One of the great things about vSphere VMs is that there are a lot of automation options. This can include the vSphere scheduled tasks inventory, in-guest operating system tricks, commands pushed centrally through something like Group Policy, and also events configurable through VMware Tools.
If you are using vSphere, you should definitely install VMware Tools on the VMs. Further, you should keep it up to date. There are a number of ways to perform VMware Tools updates, including automation with PowerCLI.
VMware Tools is a driver enlightenment kit that ensures that the guest virtual machine is aware of the hardware assigned to it from the hypervisor. Aside from being aware of the complete inventory of hardware, the proper drivers are provided as well.
VMware Tools has a simple, yet intuitive automation option that can be used for four distinct events: power guest operating system, shut down guest operating system, suspend guest operating system, and resume guest operating system. The first two events are major state events, and the last two deal with a frequent term referred to as “quiescence”. The act of quiescing a virtual machine puts the system in a clean state during the pause (and then the reverse for the resume). If you have virtual machines and applications that are picky; you may want to configure events with the VMware Tools installation on the guest VM to do a specific event for both the major state events and, possibly, the quiescence events as well.Different VMware Tools installations across the wide range of operating systems will display these options differently. Linux VMs, for example, have a designated path for the quiescence events to be placed in: /usr/sbin/pre-freeze-script and /usr/sbin/post-thaw-script. Windows VMs have it easily located in the VMware Tools icon in the Systray. Figure A below shows the configuration of the scripted options for VMware Tools events:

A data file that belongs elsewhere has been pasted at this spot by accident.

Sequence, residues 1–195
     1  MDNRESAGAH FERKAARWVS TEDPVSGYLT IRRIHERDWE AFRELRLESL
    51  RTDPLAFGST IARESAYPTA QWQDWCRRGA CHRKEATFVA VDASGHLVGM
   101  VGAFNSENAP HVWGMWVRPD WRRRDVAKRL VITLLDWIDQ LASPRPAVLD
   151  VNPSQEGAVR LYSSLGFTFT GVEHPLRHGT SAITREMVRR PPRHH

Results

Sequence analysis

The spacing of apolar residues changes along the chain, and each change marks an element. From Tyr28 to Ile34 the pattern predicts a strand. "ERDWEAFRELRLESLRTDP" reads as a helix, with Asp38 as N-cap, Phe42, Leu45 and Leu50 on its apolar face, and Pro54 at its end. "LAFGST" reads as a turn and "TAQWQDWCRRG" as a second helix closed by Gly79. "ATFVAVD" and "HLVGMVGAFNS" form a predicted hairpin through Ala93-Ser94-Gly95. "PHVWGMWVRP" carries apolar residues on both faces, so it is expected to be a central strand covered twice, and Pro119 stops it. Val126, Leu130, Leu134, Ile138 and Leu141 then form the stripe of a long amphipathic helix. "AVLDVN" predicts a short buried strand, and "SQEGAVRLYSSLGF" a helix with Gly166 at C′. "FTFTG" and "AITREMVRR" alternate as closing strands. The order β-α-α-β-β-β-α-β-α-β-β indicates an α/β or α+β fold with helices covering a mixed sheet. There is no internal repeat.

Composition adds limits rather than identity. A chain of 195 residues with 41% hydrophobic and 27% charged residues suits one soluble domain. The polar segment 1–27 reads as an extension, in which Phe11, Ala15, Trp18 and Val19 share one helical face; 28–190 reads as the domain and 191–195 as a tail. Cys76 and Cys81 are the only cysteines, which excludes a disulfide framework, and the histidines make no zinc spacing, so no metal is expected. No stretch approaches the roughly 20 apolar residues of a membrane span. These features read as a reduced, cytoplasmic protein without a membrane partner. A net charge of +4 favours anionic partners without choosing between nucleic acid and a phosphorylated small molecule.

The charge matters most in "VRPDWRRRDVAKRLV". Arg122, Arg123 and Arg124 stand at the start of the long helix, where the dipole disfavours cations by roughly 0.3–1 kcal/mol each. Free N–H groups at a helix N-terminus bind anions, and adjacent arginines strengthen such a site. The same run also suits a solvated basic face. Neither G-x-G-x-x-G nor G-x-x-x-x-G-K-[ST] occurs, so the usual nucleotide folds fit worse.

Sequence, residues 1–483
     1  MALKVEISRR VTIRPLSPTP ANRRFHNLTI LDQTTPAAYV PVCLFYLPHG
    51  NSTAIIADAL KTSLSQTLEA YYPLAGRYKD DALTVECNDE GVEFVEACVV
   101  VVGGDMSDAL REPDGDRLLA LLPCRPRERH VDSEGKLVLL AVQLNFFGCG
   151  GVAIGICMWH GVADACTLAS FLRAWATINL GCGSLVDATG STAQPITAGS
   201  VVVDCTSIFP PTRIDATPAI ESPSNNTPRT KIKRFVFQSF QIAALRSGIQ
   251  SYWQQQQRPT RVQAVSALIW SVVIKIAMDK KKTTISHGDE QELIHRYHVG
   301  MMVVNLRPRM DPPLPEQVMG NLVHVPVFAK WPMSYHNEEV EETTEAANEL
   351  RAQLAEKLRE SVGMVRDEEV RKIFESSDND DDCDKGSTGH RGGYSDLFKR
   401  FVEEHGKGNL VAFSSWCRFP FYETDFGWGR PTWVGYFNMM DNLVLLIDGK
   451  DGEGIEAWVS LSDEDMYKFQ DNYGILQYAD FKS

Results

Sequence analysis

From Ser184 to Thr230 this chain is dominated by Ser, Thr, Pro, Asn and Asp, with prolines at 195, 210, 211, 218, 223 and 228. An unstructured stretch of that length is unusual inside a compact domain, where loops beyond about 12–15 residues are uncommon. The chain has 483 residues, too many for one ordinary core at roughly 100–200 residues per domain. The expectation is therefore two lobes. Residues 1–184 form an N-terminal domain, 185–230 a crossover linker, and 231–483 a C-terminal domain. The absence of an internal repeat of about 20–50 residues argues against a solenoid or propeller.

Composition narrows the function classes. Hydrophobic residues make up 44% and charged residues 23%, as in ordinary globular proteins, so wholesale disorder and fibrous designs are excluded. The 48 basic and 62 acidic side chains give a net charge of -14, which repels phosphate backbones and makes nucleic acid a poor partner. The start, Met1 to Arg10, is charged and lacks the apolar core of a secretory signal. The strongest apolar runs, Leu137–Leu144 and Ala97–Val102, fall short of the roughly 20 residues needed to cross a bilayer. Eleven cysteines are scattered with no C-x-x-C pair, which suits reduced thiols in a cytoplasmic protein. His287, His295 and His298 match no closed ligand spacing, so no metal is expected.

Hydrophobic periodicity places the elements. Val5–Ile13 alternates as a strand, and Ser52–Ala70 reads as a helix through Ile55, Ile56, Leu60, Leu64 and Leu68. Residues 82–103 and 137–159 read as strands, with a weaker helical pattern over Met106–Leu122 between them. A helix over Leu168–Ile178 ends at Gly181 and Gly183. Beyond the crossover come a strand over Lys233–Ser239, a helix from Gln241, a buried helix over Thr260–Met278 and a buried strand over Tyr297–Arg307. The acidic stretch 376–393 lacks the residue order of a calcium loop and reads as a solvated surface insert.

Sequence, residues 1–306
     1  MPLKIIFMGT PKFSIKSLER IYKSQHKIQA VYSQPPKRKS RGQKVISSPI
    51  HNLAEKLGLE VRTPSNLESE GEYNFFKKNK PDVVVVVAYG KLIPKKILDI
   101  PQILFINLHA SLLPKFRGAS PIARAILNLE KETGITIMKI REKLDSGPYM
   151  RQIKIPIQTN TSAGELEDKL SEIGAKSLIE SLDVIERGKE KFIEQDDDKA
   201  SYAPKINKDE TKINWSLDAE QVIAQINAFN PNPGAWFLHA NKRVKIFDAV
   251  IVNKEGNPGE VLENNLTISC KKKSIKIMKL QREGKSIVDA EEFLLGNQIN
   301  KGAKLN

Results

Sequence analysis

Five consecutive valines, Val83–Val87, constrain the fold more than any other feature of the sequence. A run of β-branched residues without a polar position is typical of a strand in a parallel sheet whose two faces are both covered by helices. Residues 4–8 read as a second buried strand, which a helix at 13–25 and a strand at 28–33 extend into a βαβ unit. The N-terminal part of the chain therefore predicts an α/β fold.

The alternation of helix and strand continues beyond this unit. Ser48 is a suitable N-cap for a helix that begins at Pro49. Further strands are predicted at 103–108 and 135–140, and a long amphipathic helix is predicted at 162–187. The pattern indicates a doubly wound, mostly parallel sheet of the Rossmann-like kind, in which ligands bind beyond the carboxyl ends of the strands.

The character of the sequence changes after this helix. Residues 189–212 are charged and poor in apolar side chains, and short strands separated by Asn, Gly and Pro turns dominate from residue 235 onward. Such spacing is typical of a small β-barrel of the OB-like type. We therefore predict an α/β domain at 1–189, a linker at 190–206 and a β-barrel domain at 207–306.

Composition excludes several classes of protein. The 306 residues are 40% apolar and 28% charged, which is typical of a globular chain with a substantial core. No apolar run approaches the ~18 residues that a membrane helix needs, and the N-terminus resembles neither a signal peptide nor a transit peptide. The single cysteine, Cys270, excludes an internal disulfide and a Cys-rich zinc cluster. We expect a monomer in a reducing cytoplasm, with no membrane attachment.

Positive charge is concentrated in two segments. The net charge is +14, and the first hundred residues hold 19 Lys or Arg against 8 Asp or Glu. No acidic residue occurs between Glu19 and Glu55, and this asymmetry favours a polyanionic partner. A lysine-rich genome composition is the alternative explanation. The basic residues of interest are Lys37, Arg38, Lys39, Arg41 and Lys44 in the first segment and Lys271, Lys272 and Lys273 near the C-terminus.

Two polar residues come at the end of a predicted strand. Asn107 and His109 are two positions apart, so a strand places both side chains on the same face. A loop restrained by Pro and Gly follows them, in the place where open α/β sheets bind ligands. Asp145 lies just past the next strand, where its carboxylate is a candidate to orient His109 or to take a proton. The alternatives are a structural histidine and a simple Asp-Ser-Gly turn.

These tasks will run on Windows systems with the security context of the VMware Tools service, which by default, is local system. Keep that in mind when deploying anything complicated for Windows in this path.
Do you use any scripting for VMware Tools to perform tasks on virtual machine events? If so, which? Share your comments below.
Rick Vanover is a software strategy specialist for Veeam Software, based in Columbus, Ohio. Rick has years of IT experience and focuses on virtualization, Windows-based server administration, and system hardware.